Some points to include in your correspondence:

The program works. NVICP is critical to ensuring the compensation of individuals who, in rare instances, have been harmed by vaccines. Over 3,000 petitioners have been compensated over $2.7 billion since the program’s inception.  A few people, making false claims against vaccines, should not be allowed to derail the entire system.

The program advances vaccine development.  This program has saved lives by encouraging vaccine companies to develop life-saving  vaccines such as those against hepatitis, pneumococcal disease, HIB, HPV, and meningitis, to name a few.

Remedies to the current program can be facilitated through the Advisory Commission on Childhood Vaccines (ACCV).  Recommendations for improvements to the program which have been made by the commission in place, are not always acted upon, but are already detailed at the following link http://www.hrsa.gov/vaccinecompensation/commissionchildvaccines.html.

The science is in: Vaccines do NOT cause autism. Countless public health agencies around the world have tested and retested the theory that vaccines cause autism.  All have concluded that they do not. For a list of safety studies see our Vaccinate Your Baby website. Read more…

Flu Deaths Among Young, Healthy and Unvaccinated

October 29, 2013 4 comments

The flu is predictably unpredictable.  Each year we know it’s coming and yet people – sometimes even children - will fall ill and die.  We just can’t predict when it will arrive, how severe it will be or how many will die as a result.   Yesterday’s news, included reports of four influenza cases in Michigan and the first flu related fatality in LA County, remind us that the 2013-2014 influenza season is upon us.  As prepared as I am, this USA Today headline seemed to sum up my constant concern as a mother:  Even Healthy Kids Can Die From Flu Complications

The article highlighted details of a new report published in Pediatrics entitled Influenza-Associated Pediatric Deaths in the United States, 2004-2012.

Some of the most notable statistics from the report include the following:

Don’t let the dark side win. Get your children a flu vaccine each and every year!

The flu is fatal to children:  830 kids died from flu-related complications between October 2004 and September 2012.  Their median age was 7.

Healthy kids die from flu:  43% of the children who died from flu associated deaths were otherwise healthy and didn’t have high-risk medical conditions.  Children without medical conditions were more likely to die before hospital admission and 35% of pediatric deaths during this period occurred either at home or on their way to the hospital.

Vaccination is your best preventive measure:  Most flu associated deaths occurred among children who were NOT vaccinated.

Some people are at greater risk of serious complications from the flu:  Older people, young children, pregnant women and people with certain health conditions (such as asthma, diabetes or heart disease), as well as those who live in facilities such as nursing homes, should be especially vigilant against the flu since they are at greater risk of complications.  However, it is interesting to note that the risk of influenza associated hospitalization in young children is similar to the risk known for older adults.  Something that many parents fail to realize.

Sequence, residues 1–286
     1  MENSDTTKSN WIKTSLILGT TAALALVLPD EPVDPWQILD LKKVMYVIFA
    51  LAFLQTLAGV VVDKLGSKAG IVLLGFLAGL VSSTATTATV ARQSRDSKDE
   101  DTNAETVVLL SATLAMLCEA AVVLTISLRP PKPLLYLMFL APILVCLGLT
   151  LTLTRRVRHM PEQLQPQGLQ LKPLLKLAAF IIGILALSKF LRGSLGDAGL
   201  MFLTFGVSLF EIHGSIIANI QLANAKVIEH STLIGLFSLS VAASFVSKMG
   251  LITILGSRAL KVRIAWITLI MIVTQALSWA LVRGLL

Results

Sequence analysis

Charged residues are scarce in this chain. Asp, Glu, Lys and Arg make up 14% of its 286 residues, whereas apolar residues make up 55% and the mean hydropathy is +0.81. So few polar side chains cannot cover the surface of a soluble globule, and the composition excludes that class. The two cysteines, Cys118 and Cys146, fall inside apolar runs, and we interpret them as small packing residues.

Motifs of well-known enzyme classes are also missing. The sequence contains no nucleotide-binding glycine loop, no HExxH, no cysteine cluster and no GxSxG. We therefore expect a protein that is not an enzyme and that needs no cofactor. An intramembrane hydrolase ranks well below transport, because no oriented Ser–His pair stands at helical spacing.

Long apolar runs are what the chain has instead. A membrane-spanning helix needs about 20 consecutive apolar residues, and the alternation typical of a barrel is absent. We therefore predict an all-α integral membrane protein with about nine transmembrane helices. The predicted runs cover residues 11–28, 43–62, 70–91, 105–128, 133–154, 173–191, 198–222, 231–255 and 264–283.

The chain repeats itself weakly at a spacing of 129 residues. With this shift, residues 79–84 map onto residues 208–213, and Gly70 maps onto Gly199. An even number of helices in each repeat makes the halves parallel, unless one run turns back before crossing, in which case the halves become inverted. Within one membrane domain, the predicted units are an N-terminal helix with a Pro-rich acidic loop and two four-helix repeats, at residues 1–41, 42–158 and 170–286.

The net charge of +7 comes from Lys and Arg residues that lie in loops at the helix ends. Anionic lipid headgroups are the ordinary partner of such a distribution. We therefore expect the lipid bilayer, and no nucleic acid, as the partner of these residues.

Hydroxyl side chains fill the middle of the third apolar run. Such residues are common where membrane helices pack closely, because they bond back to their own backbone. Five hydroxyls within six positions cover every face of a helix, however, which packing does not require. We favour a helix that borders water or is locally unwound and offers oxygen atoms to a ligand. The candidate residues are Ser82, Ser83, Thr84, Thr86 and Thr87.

In light of this report and other flu related data from last season, I’m relieved that my children have already been vaccinated.  When I schedule their appointments each year I’m reminded of the following:  

We know and love plenty of people whose health is fragile, such as newborn babies, pregnant women and those undergoing cancer treatment.  Last year my daughter’s 13-year-old friend, and trick-or-treat companion, was undergoing cancer treatment.  This year my father in law is battling cancer.  And we’ll be seeing several family members who are either pregnant or have young children over the upcoming holidays.  Then there’s my 90-year-old aunt.  She may not have any underlying health conditions, but a bout of the flu could certainly land her in the hospital.  By getting ourselves vaccinated we are also helping to protect other vulnerable members of our communities from falling ill with the flu. 

We’ve also witnessed the severity and unpredictability of the flu over the years.  My husband’s co-worker, a healthy young man in his early 30′s, succumbed to the flu years ago.  My own daughter was a victim of H1N1 during that pandemic year.  My best friend’s son was hospitalized two times with influenza.  And how could I forget the personal stories from Families Fighting Flu and Shot by Shot of children lost to influenza.  As parents, we vaccinate our children to ensure that we’re doing everything we can to protect them from a dangerous illness that could possibly result in death.

If you haven’t had your family vaccinated this year, there’s still time.  Simply use this flu vaccine finder to help locate a vaccine center near you.  http://flushot.healthmap.org

And if you’re already preparing to explain why you won’t get yourself or your family vaccinated, than I have just one request.  Check out Tara Haelle’s grand effort to “set the record straight” with her thorough take down of almost every flu vaccine myth ever heard.  As a science writer, Tara’s colossal post lists 25 flu vaccine myths and then literally attacks each of them in detail.  With a grand total of 109 links, more than half of which link directly to peer-reviewed studies in medical research, your bound to find the scientific response to anything you’ve ever wanted to know about influenza vaccine.

To find out more about why flu vaccination matters, listen to a few personal stories compiled by the Centers for Disease Control and Prevention.